Yuvraj Singh marked his return to form with a rollicking century as India warded off a spirited fightback by the West Indies to move into the final of the IndianOil Cup one-day international tri-series with a nail-biting seven-run victory.
After scoring 262 for four, the highest total of the tournament, the Indians had to dig deep into their reserves to quell the late resurgence of the young West Indies team, just about managing to stop them at 255 for nine.
The islanders needed 12 runs from the last over to continue their giant-killing act but Ashish Nehra ensured that India secured a place in Tuesday's final by giving away just four runs in the thrilling day-night encounter at the Premadasa stadium in Colombo.
The Indians seemed to cruise along comfortably at one stage having reduced West Indies to 112 for six but Runako Morton (84) and Denesh Ramdin (74 not out) staged a remarkable recovery with a 83-run partnership.
The Indians will now take on hosts Sri Lanka in the flood-lit final at the same venue on Tuesday.
The Indian batting came good for the first time in the tournament with Yuvraj cracking a combative 110 to lift India from a precarious 51 for three.
Yuvraj, who missed the previous two matches due to a viral fever, stroked 11 fours and a six and added 165 runs for the fourth wicket with Mohammad Kaif who made 83 not out.
Anil Kumble, playing his first match on the tour, then produced an incisive spell of three for 38 to break the back of the second string West Indies side.
Irfan Pathan (2-34) and Ashish Nehra (2-60) blew holes in the Caribbean top order but the latter proved expensive in his return spells before making amends with the tight final over.
The inexperienced Caribbean team did not let the absence of their skipper Shivnarine Chanderpaul affect their resolve.
West Indies, to be fair, kept up a good rate to keep themselves in the game with a fair shout before running out of steam.
India began their quest horribly, losing their first three wickets for 51 runs by the 17th over and losing Sourav Ganguly by way of injury when a short ball from Darren Powell smashed on to his left-arm.
Ganguly was taken to hospital and x-ray revealed no fracture but the left-hander was put out of the match.
Virender Sehwag (6), V V S Laxman (7) and Rahul Dravid (10) meanwhile were not worth their reputation in the middle.
Sehwag was out of sorts; Laxman typically loose outside the off-stump and Dravid, for the second time, losing his wicket to an off-spinner.
Yuvraj Singh gave an early insight into his mindset when he cut and flicked left-arm pacer Deighton Butler for boundaries in the 11th over. Kaif was an ideal foil and the two took recourse to aggression to bail India out of mess.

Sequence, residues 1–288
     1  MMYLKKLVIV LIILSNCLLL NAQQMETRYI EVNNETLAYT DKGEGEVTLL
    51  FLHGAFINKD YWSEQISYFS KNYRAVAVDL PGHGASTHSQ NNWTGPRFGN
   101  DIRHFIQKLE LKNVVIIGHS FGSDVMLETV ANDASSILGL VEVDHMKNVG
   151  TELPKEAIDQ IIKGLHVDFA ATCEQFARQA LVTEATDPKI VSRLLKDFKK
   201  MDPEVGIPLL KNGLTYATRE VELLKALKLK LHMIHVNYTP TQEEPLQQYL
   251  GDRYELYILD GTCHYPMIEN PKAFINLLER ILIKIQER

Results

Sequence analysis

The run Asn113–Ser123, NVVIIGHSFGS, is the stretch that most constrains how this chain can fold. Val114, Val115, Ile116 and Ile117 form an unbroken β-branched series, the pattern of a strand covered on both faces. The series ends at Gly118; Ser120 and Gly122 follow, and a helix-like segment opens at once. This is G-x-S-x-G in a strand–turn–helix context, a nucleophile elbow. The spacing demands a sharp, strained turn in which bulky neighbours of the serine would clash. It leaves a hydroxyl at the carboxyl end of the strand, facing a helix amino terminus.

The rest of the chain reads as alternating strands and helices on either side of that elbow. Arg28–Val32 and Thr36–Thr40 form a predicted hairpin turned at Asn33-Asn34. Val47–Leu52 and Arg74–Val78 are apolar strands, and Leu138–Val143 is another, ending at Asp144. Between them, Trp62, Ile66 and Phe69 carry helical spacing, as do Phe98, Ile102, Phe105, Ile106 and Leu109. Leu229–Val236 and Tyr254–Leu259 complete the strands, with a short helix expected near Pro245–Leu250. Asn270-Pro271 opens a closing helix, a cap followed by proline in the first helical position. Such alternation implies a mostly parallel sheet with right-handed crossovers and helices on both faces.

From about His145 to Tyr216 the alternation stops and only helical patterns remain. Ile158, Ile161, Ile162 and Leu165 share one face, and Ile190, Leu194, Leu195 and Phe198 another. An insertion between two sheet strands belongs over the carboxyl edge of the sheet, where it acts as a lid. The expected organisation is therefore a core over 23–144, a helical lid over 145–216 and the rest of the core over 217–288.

They batted together for nearly 30 overs, running hard between the wickets and pouncing for big shots on anything loose. They put on 165 runs from 177 balls. Yuvraj was the first one to reach his half century from 58 balls with seven fours and the century stand between the two came in 124 balls.
This was Yuvraj's third hundred in his career of 120 matches. It has taken him another 15 months and 44 games to reach the three figures after his 139 against Australia in the VB series tri-series in February 2004.
A feature of Yuvraj's innings was his crashing off-drives and thumping pulls whenever the fast bowlers pitched it short.
Kaif ran swiftly in his customary style between the wickets and cleverly hit his shots between the fielders. He shifted his gears admirably and took the scores past the 250-mark with Mahendra Singh Dhoni who smashed an unbeaten 28 from 13 balls with two sixes and a four.
The unbroken fifth wicket stand of 46 runs came in the last four overs.
West Indies began the chase brightly enough but once Irfan Pathan struck twice in his opening spell, removing Xavier Marshall (19) and stand-in captain Sylvester Joseph (4), they began to lose way.
Ashish Nehra removed Narsingh Deonarine (6) through a fine catch at mid-on by Kumble, who then began gobbling up wickets like someone who has been away from it for long.
Kumble took his first two wickets by way of leg before wickets, Omari Banks (4) and Dwayne Smith (26) were the victims, the latter a dispiriting presence for Indians in the middle as he smashed Nehra for two sixes on the onside, the first one such a monstrous pull it cleared the stadium at the square leg area.
Kumble's third success came in the fourth over when Ricardo Powell (4) popped a catch at forward short leg. West Indies were 112 for six and India hadn't even worried about their fifth bowler.
Morton waged a lone battle bringing up his half-century with a straight drive off Kumble, and had raised visions of an upset win when Ashish Nehra had him caught at midwicket for 84, made from 105 balls with six fours and a six.
Wicketkeeper Denesh Ramdin was another one who kept the West Indies reply going till the final overs even as the run-rate was climbing all the while.
They needed 48 runs from the final five overs with two wickets remaining.
The equation came down to 30 from the last three overs and when Ramdin took boundaries off the first two balls from Nehra, anything appeared possible.
The golden arm of Mohammad Kaif then ran out Deighton Butler (9) at the non-striker's end but the West Indies were still on and needed 12 runs from the last over but Nehra conceded only four runs as India emerged winners by seven runs.
West Indies: Sylvester Joseph (captain), Xavier Marshall, Runako Morton, Narsingh Deonarine, Denesh Ramdin, Tino Best, Deighton Butler, Ricardo Powell, Dwayne Smith, Omari Banks, Daren Powell
India: Rahul Dravid (captain), Virender Sehwag, Sourav Ganguly, V V S Laxman, Yuvraj Singh, Mohammed Kaif, Mahendra Singh Dhoni, Anil Kumble, Irfan Pathan, Zaheer Khan, Ashish Nehra